We began our walk back toward Le Meridien, stopping back at the Galleria, where we had purchased the camera, and split a sandwich at the food counter. Then we took the #6 bus back to the hotel.

Before going upstairs to change, we stopped off at the Clipper Club hospitality room for a snack, wine for John and coffee for me.

That evening, the Monaco Tourist Office hosted a party for Pan Am. I wore my uniform that evening as well. This time a number of other Pan Am “girls” wore various uniforms from throughout the years. Max had told me the night before to be sure to make myself available to TV people who would be shooting video for a local TV show that was panned for airing on Tuesday Nov 6 (after we left Monaco). The TV cameras took my photo a number of times, and then seemed to disappear.  Susanne Malm and Jackie Banning held up head shots of some of the girls who couldn’t make it to the event.

Suzanne Malm and Jacke Banning hold up photos of Pan Amers!

There were lots of still shots taken with large groups of Pan Amers in uniform. I was in one large group of about 20 girls taken with Max. Captain Carroll was in many photos with the girls, as well. And, John O’Keefe continued to take fantastic photos for my collection.  It was nice to finally meet Jane Euler, president of World Wings International, as well as Joan LeBlanc, another young woman I remembered flying with – 50 years ago!!!


That evening, John and I took a bus to the harbor and sauntered through a large carnival. We shared un jambon et frommage sandwich at the carnival and finally hopped the bus that returned us to the hotel.

Nov. 3
After breakfast, John and I took pictures around the outside of the hotel by the pool and the water. We then took the bus downtown and switched to Le Grand Tour on-and-off again touring bus and took the whole circuit. We didn’t dare get off at any of the scheduled stops, because we noticed that it was hard to get back on again – the lines were too long and the seats too few. We finally disembarked near the hotel. That was when I noticed the Welcome Pan Am banners installed along the street near the hotel.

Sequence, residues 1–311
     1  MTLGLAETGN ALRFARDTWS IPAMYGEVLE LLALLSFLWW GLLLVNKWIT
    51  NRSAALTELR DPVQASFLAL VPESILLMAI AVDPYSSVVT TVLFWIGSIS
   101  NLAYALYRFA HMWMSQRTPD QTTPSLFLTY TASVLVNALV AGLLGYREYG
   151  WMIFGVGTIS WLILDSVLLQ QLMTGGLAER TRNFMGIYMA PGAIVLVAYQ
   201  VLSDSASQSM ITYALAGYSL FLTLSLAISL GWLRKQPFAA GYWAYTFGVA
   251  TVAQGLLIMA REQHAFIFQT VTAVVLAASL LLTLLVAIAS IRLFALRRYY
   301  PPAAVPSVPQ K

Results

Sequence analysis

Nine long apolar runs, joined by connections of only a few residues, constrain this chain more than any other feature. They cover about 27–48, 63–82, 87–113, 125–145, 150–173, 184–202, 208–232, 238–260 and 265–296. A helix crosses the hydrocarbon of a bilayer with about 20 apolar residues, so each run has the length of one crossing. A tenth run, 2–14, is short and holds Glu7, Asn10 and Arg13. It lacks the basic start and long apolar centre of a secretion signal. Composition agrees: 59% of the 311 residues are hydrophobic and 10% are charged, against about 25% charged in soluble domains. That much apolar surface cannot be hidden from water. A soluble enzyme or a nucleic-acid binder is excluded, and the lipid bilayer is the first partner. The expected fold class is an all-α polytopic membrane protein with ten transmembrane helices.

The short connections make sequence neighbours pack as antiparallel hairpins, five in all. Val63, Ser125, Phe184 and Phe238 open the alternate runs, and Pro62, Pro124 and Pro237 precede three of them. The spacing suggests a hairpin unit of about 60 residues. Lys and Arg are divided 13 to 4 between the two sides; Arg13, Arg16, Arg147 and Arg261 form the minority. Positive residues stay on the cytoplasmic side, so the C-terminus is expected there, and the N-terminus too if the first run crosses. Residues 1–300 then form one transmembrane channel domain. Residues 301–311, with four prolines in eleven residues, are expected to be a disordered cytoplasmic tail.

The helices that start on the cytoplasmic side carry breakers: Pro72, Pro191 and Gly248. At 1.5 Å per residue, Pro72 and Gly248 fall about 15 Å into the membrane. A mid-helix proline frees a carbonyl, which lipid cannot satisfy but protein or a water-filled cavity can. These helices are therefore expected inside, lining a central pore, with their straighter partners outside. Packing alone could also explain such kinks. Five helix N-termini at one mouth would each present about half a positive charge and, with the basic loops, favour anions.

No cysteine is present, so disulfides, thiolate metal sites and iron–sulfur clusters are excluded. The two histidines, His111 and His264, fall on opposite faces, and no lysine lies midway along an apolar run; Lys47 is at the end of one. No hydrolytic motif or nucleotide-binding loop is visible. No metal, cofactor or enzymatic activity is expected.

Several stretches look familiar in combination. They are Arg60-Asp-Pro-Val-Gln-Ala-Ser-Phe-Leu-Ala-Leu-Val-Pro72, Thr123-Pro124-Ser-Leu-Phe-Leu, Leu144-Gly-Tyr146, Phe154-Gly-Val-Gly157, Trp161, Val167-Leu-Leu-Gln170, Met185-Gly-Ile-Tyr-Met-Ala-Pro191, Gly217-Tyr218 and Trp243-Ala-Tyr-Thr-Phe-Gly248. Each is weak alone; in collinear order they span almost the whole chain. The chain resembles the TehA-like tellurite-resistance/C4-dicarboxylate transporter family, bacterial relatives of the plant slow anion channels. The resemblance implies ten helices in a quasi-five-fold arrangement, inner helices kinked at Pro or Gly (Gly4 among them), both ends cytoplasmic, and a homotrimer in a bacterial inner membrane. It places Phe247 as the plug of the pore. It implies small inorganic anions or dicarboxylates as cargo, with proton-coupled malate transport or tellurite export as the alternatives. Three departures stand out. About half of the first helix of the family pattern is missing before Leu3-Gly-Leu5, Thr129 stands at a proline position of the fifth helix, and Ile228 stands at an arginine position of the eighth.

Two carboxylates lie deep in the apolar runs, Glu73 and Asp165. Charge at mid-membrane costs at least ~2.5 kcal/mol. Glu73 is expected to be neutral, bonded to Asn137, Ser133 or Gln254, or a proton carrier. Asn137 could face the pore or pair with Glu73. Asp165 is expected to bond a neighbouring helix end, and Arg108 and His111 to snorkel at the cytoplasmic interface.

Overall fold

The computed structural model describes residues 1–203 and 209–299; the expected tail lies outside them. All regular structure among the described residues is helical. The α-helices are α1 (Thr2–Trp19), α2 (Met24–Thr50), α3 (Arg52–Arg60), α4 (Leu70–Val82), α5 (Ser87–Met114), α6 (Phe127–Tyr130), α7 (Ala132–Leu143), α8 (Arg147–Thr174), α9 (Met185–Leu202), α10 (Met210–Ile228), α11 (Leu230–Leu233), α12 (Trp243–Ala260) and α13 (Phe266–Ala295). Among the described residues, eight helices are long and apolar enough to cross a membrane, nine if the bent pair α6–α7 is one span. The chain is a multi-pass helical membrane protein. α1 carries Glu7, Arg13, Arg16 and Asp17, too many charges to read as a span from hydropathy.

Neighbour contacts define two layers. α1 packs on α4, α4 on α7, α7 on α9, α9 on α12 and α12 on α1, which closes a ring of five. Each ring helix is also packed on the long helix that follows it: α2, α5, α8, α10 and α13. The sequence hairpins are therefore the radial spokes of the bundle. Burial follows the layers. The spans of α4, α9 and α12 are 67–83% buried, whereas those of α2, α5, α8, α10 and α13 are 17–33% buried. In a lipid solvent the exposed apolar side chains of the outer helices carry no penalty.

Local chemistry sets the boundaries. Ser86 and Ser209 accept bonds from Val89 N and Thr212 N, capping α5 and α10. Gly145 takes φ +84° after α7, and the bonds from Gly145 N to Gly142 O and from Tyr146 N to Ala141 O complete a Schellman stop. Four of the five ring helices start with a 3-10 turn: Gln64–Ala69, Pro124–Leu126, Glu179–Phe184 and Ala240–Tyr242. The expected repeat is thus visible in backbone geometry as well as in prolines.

We stopped in to the Clipper Lounge for a few pictures of Jim Demetro and his bronze statue, had something to drink and then went up for a nap.

Fortunately, Jim mentioned that I was pictured in an article on the Pan Am event in the Monaco-Matin newspaper that day. I went into the hotel convenience store, but found that all the papers were sold out. A wonderful waiter, however, found a copy in the staff room for me. I was so grateful. The picture was one taken by the Pan Am airplane of Tommy Carroll, Monique Peyrat, Max Gurney and me.

l. to r. Charles Hambleton, Margaret Kelly (cousin of Princess Grace, HSH The Princess of Monaco), Ann Blumensaadt, Robert Genna and Mary Lou Bigelow

That evening, we dressed up – I in my white jacket and long black skirt and John in his black suit. Many of the girls wore their uniforms again, but I had had enough and was happy to be able to wear something else. John and I chose a fun table of four pilots with their wives. It was a nice table and we enjoyed the buffet dinner, seated with them on the ground floor. The event took place in two rooms as there was not enough room to hold everyone in one. The floor above was where the speakers were. Downstairs we had to watch the events on a huge screen. Before the official start of the program, Capt. Tommy Carroll’s DVD played,  interspersed with some pictures taken throughout the event. It was a terrific evening.

Nov 4.
The next day we packed up and left for the Nice airport by the same bus we took from the airport. It was easy enough and checked into our flight to Rome. A wonderful time was left behind in Monaco, but our pictures will help us relive this time many years to come.  I met so many wonderful Pan Amers on the trip that I can’t begin to mention all of them. You can see my album of pictures on the Monaco event in facebook.  I also submitted them to an album made up of  photos by other attendees, graciously organized by Clipper Pioneer member Jim Kelso called “2012 Dixie Clipper Celebration -Monaco” on Shutterfly –

And, the Monaco TV report can be seen at –

or a shortened link at:

Thank you from the heart to the organizers beginning with Chairman Don Cooper!  Wil Groote and Jean Khalife callaborated with the committee as the French-based liasons.  A special thanks has to go to Max Gurney, former Pan Am District Sales Manager for Southern France and Monaco, for the idea and for coordinating with the Principality’s officials.

More recently, Jeff Kriendler submitted an article for Airways Magazine-February 2013 issue. Courtesy of Airways Magazine.

And another terrific article by Patrick Middleton of The Riviera Reporter, the French Riviera’s English Language NewsMagazine  is at –

On the Pan Am Historical Foundation website is a story by Lou Berman  and a 

Recap of the event under Pan Am Historical Foundation tab What’s Happening –